Footnotes and endnotes are other common referencing styles, both of which provide information on the sources either at the footer of the page (footnotes) or at the end of the essay (endnotes). Follow this simple guide to master the basics.

Practice Using Footnotes/ Endnotes in Microsoft Word

When using footnotes or endnotes, a number is appended at the end of every quote after the full stop, like this.[1] In Microsoft Word, this is as simple as clicking on ‘References’ and selecting either ‘Insert footnote’ or ‘Insert endnote’. When you do this, you will be taken to the bottom of the page or the essay where you can insert the reference. For example,

[1] Peter Bodkins, How to Reference Correctly, (London: Fictitious Publishing, 2012), 123.

Note that the title may either be italicised or underlined, but not both. This information is again repeated in the bibliography without the page number.

For more information on using footnotes and endnotes for a range of sources, see this guide: http://www.oberlin.edu/faculty/svolk/citation.htm

Using ibid and op cit

If you repeat the same source twice in a row, instead of repeating it, simply insert a footnote or endnote and type ibid (with a lower-case i). If it’s the same source but with a different page number, type ibid followed by a comma and the page number.

2 ibid, p. 125.

If you are referencing a work which has been previously cited, but wasn’t the last one you cited, insert op cit, again in lower-case, followed by the author’s name and page number (and year if you are using more than one of their works).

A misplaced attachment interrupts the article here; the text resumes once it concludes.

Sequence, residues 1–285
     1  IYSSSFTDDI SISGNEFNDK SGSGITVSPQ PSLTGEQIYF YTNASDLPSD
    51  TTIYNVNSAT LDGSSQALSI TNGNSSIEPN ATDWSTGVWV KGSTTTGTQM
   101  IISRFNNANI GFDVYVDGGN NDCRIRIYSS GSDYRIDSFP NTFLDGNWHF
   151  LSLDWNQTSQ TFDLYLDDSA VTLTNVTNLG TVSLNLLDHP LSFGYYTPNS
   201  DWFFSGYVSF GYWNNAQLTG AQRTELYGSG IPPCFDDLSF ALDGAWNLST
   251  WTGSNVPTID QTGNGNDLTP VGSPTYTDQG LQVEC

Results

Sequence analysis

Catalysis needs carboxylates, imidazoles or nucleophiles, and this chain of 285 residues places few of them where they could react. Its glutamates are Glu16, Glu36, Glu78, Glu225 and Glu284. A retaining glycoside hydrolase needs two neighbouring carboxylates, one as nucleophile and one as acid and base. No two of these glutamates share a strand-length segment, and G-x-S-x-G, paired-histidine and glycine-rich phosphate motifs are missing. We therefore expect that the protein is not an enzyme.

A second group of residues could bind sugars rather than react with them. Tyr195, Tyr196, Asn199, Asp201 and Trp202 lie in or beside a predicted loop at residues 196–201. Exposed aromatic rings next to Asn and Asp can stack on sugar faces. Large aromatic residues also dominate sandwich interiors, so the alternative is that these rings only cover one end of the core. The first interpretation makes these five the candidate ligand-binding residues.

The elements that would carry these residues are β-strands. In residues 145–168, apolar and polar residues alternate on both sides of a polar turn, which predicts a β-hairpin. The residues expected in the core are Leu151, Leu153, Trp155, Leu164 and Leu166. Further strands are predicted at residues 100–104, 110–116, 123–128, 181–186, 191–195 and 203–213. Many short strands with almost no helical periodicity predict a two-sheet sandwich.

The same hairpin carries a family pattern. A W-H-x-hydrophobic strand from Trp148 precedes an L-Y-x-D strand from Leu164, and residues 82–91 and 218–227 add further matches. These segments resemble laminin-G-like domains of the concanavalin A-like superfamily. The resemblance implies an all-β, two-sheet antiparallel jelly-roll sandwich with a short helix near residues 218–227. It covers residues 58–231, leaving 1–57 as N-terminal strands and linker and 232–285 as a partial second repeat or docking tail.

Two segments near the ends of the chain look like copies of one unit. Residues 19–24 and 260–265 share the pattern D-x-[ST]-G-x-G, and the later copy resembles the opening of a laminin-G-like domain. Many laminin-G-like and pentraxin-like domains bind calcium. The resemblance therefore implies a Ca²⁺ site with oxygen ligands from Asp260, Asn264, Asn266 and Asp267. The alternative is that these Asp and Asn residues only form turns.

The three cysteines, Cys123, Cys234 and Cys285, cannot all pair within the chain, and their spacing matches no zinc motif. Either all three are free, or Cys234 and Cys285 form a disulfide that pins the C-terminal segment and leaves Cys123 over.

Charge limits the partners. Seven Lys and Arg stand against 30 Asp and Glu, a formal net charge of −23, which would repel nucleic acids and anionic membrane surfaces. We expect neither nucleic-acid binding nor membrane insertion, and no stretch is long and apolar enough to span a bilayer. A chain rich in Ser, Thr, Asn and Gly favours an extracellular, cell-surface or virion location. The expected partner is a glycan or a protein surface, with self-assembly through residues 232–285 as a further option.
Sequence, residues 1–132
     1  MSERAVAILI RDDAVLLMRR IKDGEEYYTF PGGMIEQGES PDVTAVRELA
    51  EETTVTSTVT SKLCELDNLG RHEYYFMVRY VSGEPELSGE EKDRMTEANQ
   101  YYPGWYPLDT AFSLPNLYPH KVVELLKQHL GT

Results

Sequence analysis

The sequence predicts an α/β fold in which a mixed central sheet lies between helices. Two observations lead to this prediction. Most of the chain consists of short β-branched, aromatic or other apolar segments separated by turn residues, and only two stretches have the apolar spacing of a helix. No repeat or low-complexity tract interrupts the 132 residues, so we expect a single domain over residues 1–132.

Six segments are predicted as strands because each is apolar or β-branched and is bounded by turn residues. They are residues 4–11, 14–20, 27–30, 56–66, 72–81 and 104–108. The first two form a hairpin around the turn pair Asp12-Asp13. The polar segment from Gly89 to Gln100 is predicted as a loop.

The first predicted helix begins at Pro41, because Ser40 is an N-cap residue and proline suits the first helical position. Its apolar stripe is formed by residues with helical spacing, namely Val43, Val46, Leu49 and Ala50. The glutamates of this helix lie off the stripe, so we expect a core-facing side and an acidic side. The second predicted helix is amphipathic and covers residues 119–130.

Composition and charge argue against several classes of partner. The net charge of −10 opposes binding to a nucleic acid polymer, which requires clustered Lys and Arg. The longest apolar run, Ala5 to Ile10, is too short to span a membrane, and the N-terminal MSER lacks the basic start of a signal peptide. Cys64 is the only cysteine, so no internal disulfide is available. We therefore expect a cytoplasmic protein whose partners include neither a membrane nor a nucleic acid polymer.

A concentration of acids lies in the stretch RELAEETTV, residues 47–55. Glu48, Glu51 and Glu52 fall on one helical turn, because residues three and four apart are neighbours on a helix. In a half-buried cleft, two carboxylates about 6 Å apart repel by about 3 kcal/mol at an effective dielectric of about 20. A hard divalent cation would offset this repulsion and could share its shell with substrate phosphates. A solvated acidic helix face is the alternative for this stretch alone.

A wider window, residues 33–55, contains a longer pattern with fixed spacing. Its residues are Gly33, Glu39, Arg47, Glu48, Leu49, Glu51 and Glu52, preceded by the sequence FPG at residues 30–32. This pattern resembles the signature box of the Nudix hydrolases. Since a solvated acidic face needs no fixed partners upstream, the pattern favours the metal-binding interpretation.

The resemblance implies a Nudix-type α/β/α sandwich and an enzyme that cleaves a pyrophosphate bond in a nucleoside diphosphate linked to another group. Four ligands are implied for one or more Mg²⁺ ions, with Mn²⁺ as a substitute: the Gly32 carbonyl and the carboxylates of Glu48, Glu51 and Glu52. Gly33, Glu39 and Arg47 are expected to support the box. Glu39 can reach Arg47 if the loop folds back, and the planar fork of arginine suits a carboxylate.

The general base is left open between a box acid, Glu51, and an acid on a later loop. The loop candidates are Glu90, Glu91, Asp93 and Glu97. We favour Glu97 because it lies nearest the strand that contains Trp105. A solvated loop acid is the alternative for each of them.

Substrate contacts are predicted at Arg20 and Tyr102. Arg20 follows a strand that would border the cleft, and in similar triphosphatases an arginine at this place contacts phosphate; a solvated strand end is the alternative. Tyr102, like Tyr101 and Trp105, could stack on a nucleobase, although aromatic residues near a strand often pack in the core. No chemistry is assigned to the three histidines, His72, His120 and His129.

3 op cit Bodkins, pp. 124-125.

Again also note that when more than one page is cited, the ‘p’. becomes ‘pp.’ to show this.

Also note that you don’t have to use the latin terminology if you don’t want to. You might instead simply repeat the author’s name (and page number if necessary) instead of using ibid or op cit – just be consistent.

Tucking in Additional Information

One perceived benefit of the footnotes and endnotes system is that you can tuck in additional information into your essay without adding to the word count by simply inserting a footnote or endnote and expanding on the point you’re making in the body of the essay. Don’t do this too much because it will seem like you’ve not structured your essay properly, however they are handy if you’ve forgotten to include important information or want to include an aside which may not belong within the main text.

Most endnotes or footnotes can be copied and pasted directly into your bibliography, removing specific page numbers as appropriate. Again, your bibliography is listed in alphabetical order. Some guides suggest changing the formatting of the surname so that it is followed by the initial (unlike earlier where the surname is followed by the first initial) but it’s unlikely you will be penalised either way so long as you adopt the same formatting throughout.

And Don’t Forget the Bibliography

Even though you have provided extensive information in the footnotes, this information is still required in the bibliography which you must always include unless otherwise instructed. This can be copied and pasted from the footnotes but don’t forget to remove the page numbers (for books but not for journal arti